Happy New Year! This First Sunday of Advent is the beginning of the new liturgical year.

The liturgical season of Advent is almost totally lost on a cultural level. As a culture, we have begun celebrating Christmas from at least Halloween, and even earlier. But the season of Advent tells us, “It is not Christmas yet!” The Church does not sing Christmas songs until the Christmas Masses. The culture stops Christmas music the day after Christmas.

So, is the Church just a big ole Scrooge who wants to take the fun out of Christmas? Is she just a grouch? I do not think so.

Advent serves an important spiritual role. During the first weeks of Advent, we stand with the people of Israel as they waited and hoped for the coming of the Messiah. Even though Jesus has already come, we do still await His Second Coming in glory at the end of time. This waiting and hoping and longing is the great theme of Advent. We cry out, “Come! Lord Jesus!” This is often expressed using the Aramaic word, “Maranatha,” which means, “The Lord is coming.”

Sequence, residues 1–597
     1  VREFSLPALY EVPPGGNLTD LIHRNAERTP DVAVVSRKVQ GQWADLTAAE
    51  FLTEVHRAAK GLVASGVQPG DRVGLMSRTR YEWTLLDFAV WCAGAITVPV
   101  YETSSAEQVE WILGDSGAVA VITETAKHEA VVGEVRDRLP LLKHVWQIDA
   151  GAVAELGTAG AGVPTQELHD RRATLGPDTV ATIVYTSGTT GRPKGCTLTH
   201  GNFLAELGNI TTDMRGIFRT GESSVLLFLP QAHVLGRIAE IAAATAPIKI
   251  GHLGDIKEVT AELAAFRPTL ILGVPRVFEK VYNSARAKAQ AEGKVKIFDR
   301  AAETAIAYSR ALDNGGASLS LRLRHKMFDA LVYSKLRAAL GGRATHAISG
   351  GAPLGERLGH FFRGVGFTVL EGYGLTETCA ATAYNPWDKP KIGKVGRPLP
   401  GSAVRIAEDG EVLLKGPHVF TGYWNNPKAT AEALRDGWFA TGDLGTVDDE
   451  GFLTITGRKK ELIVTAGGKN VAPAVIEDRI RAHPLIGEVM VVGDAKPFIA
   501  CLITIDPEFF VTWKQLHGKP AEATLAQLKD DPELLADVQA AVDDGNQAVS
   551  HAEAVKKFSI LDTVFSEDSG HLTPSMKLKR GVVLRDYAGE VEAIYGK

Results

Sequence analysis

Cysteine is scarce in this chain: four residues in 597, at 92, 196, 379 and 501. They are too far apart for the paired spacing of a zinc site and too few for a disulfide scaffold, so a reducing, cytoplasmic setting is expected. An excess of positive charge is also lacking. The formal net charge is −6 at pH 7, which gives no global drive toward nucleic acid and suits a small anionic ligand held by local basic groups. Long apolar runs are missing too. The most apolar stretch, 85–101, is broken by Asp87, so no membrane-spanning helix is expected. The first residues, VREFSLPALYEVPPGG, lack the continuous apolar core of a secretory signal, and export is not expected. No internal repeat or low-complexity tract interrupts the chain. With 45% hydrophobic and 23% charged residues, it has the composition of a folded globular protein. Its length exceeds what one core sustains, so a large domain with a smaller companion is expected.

We are a people addicted to instant gratification. Some have said that instant gratification takes too long. Waiting with eager expectation for a long period of time is counter to our nature. And yet Israel had to wait for centuries for the promises of the prophets to be fulfilled. So, although the surrounding culture is already celebrating Christmas, we wait patiently.

There is a spirit of poverty about Advent, about the longing for the coming of the Messiah. Resting in this poverty contradicts the rabid materialism of our culture’s celebration of Christmas. Jesus was born in poverty in Bethlehem, but we celebrate His birth with an orgiastic explosion of consumerism. How easily the truth of what we are preparing to celebrate is lost.

I am not one who is big on tilting against windmills (although I do have an image of Don Quixote on my desk), so I am not going to try to say that we should not join in our culture’s celebration of Christmas. But do let us find space in the mania of this season to celebrate Advent and to prepare not just for Christmas, but for Christ.
–Fr. Mike Comer